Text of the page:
The new, and discrete, owners of the Wachovia Center have taken a $36 million gamble that they will be able to turn the 28-story building into a "trophy" skyscraper.
The N.C. Secretary of State's office lists SL Winston-Salem LLC as the new building owner. It was bought on Oct. 23 from Gramercy Capital Corp. of New York.
If the business strategy of New York investors Mark Karasick and David Werner is any indication of future performance, they are likely to make improvements to the 13-year-old building and increase occupancy.
But they also aren't likely to stick around long enough to grow local roots with the city's tallest building, which opened at 100 N. Main St. 13 years ago at a cost of $80 million.
The risk-taking investors specialize in the buying and/or selling of prominent buildings, including the Bank of America Center in San Francisco, the Aegon Center in Louisville and the Starrett-Lehigh Building in New York.
For example, the investors made at least $150 million selling the Bank of America Center about a year after they bought it.
However, their ability to flip the building for a tidy profit could come down to their relationship with the building's future majority tenant -- Wells Fargo & Co.
Wells Fargo's intent for the 17 floors that Wachovia Corp. now occupies is being watched closely since Wachovia has about 741 employees there, including 600 in its wealth-management division.
Wells Fargo has provided little detail about its plans for local Wachovia operations even though it expects to complete its deal for the bank by year's end.
SL Winston-Salem, which was formed on June 27, lists Karasick on the incorporation filing as a member of the limited-liability company. He also is listed as president of 100 North Main Manager LLC.
Karasick and Werner are generally reluctant to speak to the media and they could not be reached for comment.
In a mini-profile that ran in October 2004 in Crain's New York Business, Werner was described "as even in the fast crowd that he travels with, he is the ultimate flipper." Werner rarely plays with his own money, industry insiders told the magazine. Instead, Werner usually fronts for an investment group, generally flipping his properties to another partner for a nice profit.
The Wachovia Center, which was built to serve as Wachovia's headquarters, is about 83 percent occupied, according to Bobby Finch, a partner with Triad Commercial Properties who is handling the leasing for the new owners.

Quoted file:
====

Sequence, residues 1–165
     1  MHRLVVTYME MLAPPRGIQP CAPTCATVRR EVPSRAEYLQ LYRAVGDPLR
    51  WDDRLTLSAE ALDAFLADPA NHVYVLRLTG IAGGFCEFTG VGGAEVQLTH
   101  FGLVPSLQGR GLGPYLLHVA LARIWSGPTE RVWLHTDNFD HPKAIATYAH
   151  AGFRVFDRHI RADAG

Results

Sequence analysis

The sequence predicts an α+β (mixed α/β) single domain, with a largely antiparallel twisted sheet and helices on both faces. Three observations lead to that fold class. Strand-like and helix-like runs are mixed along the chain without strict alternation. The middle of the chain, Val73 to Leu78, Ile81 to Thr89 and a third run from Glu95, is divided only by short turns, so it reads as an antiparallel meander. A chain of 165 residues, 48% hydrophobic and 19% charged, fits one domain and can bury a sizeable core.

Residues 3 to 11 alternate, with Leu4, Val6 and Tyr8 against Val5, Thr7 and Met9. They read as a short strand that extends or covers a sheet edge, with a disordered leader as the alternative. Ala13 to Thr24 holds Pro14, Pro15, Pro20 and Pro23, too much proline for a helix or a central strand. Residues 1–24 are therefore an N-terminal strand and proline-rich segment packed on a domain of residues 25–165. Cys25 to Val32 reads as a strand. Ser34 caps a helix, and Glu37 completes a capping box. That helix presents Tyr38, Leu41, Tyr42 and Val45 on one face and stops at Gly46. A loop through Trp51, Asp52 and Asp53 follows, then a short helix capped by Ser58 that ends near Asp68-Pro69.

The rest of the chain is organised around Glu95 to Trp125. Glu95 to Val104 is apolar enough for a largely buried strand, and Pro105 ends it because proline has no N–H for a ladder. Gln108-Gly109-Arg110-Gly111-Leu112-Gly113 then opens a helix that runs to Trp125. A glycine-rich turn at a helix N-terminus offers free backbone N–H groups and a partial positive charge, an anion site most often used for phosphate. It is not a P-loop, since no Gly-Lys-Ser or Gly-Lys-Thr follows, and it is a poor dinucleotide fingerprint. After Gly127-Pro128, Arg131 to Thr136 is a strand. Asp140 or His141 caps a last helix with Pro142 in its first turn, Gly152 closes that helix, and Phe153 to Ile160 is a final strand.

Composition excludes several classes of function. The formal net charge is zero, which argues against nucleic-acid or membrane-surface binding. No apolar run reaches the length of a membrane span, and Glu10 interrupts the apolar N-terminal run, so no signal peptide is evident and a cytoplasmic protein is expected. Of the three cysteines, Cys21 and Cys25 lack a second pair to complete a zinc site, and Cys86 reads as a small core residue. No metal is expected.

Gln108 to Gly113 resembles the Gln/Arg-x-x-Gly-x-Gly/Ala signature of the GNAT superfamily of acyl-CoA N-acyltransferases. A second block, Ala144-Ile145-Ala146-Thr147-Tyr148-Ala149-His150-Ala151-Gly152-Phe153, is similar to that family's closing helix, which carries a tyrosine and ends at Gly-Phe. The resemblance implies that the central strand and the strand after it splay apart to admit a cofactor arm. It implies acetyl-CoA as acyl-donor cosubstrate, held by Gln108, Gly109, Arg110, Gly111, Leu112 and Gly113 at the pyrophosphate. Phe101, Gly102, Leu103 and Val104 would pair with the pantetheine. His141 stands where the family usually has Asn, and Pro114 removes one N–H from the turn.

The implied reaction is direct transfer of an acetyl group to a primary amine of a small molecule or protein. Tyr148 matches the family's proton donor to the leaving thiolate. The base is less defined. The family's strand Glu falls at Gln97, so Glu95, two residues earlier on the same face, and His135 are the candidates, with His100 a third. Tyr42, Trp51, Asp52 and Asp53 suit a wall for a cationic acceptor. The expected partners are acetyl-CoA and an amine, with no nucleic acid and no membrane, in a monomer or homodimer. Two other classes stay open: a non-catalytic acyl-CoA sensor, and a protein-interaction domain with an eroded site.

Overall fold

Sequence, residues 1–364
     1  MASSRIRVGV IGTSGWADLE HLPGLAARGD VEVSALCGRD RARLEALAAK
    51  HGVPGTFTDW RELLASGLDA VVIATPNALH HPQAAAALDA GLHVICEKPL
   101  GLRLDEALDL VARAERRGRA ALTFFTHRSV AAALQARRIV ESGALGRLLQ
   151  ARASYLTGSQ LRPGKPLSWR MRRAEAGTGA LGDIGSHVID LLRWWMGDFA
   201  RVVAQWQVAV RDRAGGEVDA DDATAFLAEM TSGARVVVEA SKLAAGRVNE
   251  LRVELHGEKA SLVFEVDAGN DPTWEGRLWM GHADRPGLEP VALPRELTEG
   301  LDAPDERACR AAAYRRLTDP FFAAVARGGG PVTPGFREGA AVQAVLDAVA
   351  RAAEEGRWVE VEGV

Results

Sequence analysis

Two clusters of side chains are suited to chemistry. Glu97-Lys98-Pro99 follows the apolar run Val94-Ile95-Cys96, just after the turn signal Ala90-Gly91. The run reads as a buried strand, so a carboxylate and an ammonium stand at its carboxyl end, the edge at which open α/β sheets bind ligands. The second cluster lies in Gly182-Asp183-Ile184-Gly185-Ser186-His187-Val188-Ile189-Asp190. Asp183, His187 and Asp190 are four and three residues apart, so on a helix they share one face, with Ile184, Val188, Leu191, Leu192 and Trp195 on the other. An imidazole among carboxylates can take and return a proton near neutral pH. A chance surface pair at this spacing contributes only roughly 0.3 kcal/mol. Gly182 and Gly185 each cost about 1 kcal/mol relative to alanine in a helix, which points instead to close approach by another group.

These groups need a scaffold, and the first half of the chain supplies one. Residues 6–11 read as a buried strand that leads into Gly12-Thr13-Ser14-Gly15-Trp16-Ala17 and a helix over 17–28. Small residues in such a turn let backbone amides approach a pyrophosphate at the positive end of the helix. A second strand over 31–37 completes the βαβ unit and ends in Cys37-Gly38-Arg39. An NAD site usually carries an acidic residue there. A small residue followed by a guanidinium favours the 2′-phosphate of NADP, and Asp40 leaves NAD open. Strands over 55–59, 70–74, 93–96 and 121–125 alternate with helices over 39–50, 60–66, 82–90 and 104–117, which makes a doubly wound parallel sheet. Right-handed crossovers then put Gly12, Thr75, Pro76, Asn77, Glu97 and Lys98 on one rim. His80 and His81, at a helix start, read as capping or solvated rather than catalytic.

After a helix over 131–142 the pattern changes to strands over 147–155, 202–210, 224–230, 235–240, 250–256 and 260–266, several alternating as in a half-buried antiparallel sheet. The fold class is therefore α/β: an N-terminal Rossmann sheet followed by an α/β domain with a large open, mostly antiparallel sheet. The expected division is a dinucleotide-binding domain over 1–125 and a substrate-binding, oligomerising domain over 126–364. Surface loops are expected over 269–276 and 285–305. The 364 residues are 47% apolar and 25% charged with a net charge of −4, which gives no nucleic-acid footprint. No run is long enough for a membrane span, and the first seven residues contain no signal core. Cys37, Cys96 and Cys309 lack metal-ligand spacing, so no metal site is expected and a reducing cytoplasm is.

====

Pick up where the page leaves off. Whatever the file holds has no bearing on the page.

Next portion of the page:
Wachovia occupies floors 1 through 14, 16 and 27 through 28, or about 400,000 square feet.
"The Wachovia Center has about 95,000 square feet of Class A space available, with floors 18, 19, 20 and 21 vacant," Finch said.
Finch said that Wachovia signed a "very long lease at a low rate" with American Financial Realty Trust. American paid Wachovia $39.6 million for the Wachovia Center as part of a $546 million purchase of 150 bank properties it made in May 2004. The nearby Park Building was included in that round of transactions.
Gramercy acquired the building when it bought American Financial for $3.3 billion on April 1.
Some local commercial real-estate officials said that the length and low cost of the lease might compel a cost-conscious Wells Fargo to keep jobs in Winston-Salem. Wachovia has about 2,900 employees in Forsyth County.
"We're hoping that the low cost of the lease will be attractive and compelling to Wells Fargo as it evaluates the Winston-Salem and Charlotte operations it is taking over from Wachovia," Finch said. "Perhaps, Wells Fargo will send more jobs back this way."
Finch said that Triad Commercial Properties has not contacted the real-estate officials for either bank about the plans for the building.
"We will do so once the transaction is completed," he said.
"The new owners have to believe there is an opportunity to flip the building even though they don't know for sure what Wells Fargo is going to do," said Ray Collins, the president of Collins Commercial Properties Inc. "Gramercy may have been more risk-adverse, whereas the new owners are willing to roll the dice on a calculated upside in the value of the building.
"That opportunity won't happen overnight, but might take 24 to 36 months. It will all depend on if they can increase occupancy over time, and charge higher lease rates over time."